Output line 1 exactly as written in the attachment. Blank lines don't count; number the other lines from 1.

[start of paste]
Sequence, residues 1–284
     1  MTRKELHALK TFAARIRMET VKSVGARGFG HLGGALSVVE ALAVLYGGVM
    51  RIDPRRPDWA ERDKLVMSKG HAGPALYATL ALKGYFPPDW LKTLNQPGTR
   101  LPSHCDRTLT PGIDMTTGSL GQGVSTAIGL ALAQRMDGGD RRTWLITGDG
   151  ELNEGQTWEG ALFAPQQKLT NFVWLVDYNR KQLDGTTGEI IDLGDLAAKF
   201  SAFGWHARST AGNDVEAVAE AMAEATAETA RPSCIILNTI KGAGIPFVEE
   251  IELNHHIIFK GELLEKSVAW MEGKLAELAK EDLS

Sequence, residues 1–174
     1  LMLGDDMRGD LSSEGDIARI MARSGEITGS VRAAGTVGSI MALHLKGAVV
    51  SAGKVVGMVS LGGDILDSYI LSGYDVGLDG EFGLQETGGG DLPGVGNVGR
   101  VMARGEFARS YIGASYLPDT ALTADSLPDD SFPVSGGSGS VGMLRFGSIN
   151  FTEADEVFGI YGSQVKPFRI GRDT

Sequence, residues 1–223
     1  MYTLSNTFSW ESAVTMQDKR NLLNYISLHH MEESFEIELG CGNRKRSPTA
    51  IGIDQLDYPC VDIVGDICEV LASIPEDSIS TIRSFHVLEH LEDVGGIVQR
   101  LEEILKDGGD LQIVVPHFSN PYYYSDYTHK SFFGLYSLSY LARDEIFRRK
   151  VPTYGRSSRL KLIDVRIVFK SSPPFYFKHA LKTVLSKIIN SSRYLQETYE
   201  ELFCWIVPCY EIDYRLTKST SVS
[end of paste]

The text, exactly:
Sequence, residues 1–284